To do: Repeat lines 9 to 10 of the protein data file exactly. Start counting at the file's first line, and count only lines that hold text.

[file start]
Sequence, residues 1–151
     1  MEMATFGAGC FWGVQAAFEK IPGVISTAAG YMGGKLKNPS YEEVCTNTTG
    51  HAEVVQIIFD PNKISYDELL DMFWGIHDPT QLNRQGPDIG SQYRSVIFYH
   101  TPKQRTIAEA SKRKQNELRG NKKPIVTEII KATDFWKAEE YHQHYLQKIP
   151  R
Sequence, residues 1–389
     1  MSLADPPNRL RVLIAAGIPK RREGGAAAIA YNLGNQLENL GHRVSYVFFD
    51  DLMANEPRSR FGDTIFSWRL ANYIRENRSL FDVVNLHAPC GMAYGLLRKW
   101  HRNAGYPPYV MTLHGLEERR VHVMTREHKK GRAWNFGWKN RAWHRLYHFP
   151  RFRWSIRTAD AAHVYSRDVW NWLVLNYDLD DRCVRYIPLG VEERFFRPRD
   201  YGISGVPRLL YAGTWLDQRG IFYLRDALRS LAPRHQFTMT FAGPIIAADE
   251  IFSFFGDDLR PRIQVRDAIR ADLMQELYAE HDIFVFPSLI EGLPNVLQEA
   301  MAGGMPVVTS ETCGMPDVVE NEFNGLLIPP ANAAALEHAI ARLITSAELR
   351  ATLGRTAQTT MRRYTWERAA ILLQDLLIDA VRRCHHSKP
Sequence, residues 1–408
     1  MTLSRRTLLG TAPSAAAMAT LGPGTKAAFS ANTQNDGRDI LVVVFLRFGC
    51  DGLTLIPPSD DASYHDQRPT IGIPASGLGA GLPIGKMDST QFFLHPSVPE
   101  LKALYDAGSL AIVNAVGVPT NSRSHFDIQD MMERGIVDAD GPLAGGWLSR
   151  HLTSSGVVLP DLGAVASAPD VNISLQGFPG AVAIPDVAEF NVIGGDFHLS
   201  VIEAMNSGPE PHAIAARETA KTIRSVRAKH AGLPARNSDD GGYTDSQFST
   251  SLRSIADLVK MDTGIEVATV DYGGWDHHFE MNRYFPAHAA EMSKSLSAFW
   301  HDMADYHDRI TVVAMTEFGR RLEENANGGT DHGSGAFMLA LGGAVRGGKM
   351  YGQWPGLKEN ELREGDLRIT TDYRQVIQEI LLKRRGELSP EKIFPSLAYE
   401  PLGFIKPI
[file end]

   101  HRNAGYPPYV MTLHGLEERR VHVMTREHKK GRAWNFGWKN RAWHRLYHFP
   151  RFRWSIRTAD AAHVYSRDVW NWLVLNYDLD DRCVRYIPLG VEERFFRPRD